Peter Williams: Latest regional funding just pork barrel politics

Opinion 05/02/2019
Shane Jones. Photo: Getty.

By Peter Williams, Magic Mornings host

OPINION: The Shane Jones show has been in full voice over the weekend, digging deep into the pork barrel and distributing the largesse just because he can. This is the man who has a billion dollars to give away every year for three years, and blow me down, most of it is going to Northland. It's an where Shane Jones happens to live, and where his party leader Winston Peters is originally from.

The announcements over the weekend mean another $100 million to Northland rural and agricultural enterprises because apparently they can’t get access to capital the usual way.

I imagine the reason for that is that the projects that want the money cannot present a business case good enough for money to be invested from financial institutions.

I also read that the Maori landowners - and note the plural in that - have an inalienable right to that land. Therefore any investment in that land cannot have any security for the investors  so I’m quite intrigued as to how this $100 million can really be called an investment.

Governments have been trying to settle a treaty claim with Ngāpuhi for at least 25 years.

An investment in my book is putting something in and getting a tangible return. I’ve yet to see any mention of a return for this $100 million.

So, for the Government to call this an investment in the traditional sense of the word is crazy. It might be a contestable fund, but it’s basically just more government welfare with no need to provide any reports of a return on the money and whether it will provide value in terms of jobs and a better life for the people of Northland.

Another $27 million of this PGF money will be available for transport projects, which apparently have been neglected for too long.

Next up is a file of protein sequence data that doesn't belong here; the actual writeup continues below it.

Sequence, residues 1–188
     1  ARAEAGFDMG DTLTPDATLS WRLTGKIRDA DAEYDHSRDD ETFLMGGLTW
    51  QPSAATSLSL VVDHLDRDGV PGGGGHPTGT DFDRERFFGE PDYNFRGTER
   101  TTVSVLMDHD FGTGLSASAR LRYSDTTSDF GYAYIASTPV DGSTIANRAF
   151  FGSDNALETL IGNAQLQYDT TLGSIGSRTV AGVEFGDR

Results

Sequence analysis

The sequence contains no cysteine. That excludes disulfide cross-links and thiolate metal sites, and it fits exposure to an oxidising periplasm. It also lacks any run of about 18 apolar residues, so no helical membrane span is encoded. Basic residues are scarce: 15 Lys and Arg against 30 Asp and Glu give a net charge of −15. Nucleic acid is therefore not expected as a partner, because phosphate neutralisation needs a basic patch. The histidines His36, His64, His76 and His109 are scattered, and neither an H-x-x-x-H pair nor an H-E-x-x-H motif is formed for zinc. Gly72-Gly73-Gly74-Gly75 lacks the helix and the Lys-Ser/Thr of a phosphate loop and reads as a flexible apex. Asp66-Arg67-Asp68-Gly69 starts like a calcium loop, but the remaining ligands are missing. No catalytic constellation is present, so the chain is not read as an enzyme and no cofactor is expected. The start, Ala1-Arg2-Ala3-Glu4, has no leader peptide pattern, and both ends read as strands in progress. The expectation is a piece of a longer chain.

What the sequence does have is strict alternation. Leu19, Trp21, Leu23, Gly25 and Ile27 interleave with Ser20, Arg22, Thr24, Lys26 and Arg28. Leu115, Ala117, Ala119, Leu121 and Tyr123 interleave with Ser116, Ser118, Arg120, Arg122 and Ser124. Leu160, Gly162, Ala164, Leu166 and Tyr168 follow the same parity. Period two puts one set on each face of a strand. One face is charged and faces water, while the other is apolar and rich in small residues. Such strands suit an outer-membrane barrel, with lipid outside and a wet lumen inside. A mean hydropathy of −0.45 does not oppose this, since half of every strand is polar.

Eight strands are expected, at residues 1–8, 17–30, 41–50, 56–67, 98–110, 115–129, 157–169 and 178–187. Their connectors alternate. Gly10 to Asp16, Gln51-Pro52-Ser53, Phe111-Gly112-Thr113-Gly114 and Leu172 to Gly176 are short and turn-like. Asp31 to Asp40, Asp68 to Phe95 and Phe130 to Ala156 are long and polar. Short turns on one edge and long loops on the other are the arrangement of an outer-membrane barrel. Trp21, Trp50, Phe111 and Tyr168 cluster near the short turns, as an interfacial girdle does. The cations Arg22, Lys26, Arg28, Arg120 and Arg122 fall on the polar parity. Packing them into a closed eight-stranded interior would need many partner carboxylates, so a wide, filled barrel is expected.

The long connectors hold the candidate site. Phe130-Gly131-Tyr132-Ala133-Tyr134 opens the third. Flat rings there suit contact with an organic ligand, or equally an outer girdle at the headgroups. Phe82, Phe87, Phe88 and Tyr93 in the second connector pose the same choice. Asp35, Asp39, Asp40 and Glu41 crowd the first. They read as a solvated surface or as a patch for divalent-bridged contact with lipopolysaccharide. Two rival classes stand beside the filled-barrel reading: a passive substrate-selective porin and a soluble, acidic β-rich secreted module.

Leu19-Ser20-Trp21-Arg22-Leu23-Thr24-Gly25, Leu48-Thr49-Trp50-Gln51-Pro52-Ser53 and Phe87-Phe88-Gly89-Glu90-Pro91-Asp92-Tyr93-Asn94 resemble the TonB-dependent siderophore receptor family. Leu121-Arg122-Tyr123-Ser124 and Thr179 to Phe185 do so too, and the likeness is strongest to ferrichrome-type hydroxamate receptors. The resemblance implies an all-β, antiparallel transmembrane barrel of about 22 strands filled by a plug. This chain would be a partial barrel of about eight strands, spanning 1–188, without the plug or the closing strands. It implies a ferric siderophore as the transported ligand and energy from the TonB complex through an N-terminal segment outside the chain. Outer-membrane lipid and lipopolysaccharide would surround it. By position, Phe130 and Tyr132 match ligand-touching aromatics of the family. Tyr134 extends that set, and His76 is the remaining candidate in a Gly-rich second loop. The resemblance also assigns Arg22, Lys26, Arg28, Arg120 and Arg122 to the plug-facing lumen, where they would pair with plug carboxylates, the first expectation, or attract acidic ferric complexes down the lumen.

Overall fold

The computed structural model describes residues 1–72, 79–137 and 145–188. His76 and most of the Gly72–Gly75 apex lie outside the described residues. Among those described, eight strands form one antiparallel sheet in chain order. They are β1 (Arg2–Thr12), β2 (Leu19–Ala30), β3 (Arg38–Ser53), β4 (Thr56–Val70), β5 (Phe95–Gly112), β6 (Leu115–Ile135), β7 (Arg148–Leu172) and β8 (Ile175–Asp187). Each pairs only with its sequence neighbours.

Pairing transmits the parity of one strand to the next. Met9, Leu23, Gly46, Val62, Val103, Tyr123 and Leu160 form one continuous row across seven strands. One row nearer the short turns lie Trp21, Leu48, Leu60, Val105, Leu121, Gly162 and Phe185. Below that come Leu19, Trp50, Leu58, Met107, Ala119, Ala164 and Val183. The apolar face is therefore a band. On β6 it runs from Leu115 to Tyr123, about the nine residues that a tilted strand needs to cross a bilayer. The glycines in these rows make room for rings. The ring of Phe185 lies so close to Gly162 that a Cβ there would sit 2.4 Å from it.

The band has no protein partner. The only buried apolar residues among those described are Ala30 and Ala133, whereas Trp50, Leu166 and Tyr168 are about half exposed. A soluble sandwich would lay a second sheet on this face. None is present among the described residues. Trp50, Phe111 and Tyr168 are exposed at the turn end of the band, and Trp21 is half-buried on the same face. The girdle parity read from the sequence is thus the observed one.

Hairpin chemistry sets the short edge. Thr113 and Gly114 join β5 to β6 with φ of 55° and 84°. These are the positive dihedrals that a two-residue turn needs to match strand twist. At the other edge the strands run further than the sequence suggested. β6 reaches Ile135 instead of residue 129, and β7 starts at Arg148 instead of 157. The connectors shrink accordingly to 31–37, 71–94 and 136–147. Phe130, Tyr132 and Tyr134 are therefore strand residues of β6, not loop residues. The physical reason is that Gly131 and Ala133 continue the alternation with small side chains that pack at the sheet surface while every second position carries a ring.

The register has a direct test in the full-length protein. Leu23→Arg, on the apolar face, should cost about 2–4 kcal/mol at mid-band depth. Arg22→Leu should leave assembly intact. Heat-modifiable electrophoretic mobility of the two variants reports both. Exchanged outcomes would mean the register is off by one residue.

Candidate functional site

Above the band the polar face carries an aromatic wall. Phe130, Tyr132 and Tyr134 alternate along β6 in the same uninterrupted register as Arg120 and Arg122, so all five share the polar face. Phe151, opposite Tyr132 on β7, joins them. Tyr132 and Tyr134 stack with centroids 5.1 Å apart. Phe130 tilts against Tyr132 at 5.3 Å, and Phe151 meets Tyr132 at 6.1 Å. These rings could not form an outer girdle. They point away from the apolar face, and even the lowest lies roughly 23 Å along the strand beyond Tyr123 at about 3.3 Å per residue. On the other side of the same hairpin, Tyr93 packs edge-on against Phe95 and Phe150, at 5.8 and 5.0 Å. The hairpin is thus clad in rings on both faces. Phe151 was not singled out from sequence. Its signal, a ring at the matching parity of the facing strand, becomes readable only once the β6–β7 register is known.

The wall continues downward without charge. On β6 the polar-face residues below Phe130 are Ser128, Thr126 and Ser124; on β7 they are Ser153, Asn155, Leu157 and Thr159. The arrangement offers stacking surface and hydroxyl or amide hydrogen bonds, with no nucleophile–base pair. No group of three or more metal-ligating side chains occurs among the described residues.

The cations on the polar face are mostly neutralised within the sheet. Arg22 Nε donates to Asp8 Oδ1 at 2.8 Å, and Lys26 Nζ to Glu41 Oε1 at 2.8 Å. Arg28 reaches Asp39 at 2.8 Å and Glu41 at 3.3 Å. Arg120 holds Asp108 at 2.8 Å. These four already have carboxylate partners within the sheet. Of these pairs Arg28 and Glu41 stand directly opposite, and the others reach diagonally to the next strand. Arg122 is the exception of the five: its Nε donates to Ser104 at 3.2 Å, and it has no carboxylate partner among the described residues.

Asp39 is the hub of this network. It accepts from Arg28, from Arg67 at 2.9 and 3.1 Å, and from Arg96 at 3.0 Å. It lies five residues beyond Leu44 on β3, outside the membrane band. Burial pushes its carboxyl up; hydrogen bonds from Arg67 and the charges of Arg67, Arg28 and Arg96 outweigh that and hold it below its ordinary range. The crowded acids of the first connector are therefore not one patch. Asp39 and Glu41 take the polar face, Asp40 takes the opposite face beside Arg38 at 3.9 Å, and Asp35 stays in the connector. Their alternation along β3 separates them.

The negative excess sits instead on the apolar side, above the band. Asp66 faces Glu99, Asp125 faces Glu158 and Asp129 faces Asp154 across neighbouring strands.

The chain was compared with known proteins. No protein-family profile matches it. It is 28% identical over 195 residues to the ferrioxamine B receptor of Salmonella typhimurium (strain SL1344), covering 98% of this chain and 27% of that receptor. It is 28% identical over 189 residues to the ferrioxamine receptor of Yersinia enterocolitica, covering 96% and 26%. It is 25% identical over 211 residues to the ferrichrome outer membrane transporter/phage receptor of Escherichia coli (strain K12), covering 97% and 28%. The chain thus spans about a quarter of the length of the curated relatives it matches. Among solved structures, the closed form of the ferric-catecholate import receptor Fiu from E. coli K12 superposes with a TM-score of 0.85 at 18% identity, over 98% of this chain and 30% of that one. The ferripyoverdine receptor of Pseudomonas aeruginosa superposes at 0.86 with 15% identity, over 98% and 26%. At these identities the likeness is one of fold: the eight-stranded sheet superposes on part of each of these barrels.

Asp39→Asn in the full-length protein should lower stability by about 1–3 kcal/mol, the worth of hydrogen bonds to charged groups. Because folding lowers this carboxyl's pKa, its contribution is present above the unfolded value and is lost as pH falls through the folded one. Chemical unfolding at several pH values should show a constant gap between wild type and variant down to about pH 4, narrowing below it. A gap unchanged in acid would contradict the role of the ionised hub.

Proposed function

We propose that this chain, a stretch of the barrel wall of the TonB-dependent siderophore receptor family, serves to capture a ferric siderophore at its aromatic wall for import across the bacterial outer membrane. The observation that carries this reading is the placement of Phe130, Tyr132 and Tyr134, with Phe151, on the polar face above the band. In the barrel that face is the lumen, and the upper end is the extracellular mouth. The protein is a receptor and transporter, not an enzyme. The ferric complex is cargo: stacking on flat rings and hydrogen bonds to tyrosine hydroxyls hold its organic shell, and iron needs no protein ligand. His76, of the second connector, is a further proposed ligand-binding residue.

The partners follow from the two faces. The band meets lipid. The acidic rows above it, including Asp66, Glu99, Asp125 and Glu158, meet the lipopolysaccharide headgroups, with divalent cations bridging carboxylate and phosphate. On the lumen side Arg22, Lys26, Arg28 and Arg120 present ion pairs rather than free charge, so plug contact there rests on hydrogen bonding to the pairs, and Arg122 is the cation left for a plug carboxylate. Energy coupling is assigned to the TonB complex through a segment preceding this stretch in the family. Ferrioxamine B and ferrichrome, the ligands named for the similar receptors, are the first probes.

That means sealing a lot of country roads in the Kaipara area, which is a fair enough. Every area deserves sealed roads in the 21st century. But my question is this: How come the provincial growth fund has now taken over the role of the government agencies, central and local, charged with keeping our roads in appropriate condition for the local population?

Is it that Santa Claus Jones can’t find enough real business projects in the far north to fund, or invest in, so he’s resorting to paying for something that other government bodies should be?

At the same time the PGF is keen to take over the Transport Agency's job,  four lane highways in the populated areas up to Whangarei from Auckland are being put on hold or postponed or not being built at all - because this Government doesn’t really like building roads.

But here’s the thing about the far north, and indeed the whole of Northland - it is Ngāpuhi country and governments have been trying to settle a treaty claim with Ngāpuhi for at least 25 years.

While Tainui and Ngāi Tahu have taken their millions, mostly invested well and turned it into billions, the biggest iwi in the country has been fighting amongst itself for all that time. The governments of the day, dating back at least to the turn of the century have been wanting to do a deal. John Key and Chris Findlayson in the last National government suggested they would settle with Ngāpuhi for somewhere between $500 and 600 million. Then Andrew Little takes over the job and runs straight into the same frustration that every Treaty Negotiations Minister going back to Doug Graham in the 90s has encountered.

It’s as if Ngāpuhi don’t care about the future. The egos has been getting in the way of a settlement and progress for Ngāpuhi.

Then along comes Uncle Shane with his barrel of pork, throwing it around and the incentive for Ngāpuhi to settle decreases even more. Here’s free money, they say, no need for all those tricky negotiation things. Just our man Shane with a big pile of cash that he has to give away. 

The amount of the PGF going to Northland is now just getting embarrassing.

There’s now $21 million for digital services. Rural digital hubs. Guess where the first of them is? It’s in Northland.

Then there’ll be broadband and Wi-Fi provided to some marae. Guess where the first of those marae are? That’s right. Oromahoe and Te Houhanga in Te Tai Tokerau - which we all know as  Northland.

It’s as if the rest of the country doesn’t matter. But there’s no accountability for this money, no reporting systems in place to tell us about the results of the investment.

It is blatant pork barrel politics the likes of which this country has never seen before. The sad thing is we can’t do anything about it. They can do what they like with our money.

For now.

Peter Williams is host of Magic Mornings every weekday, 9am - midday.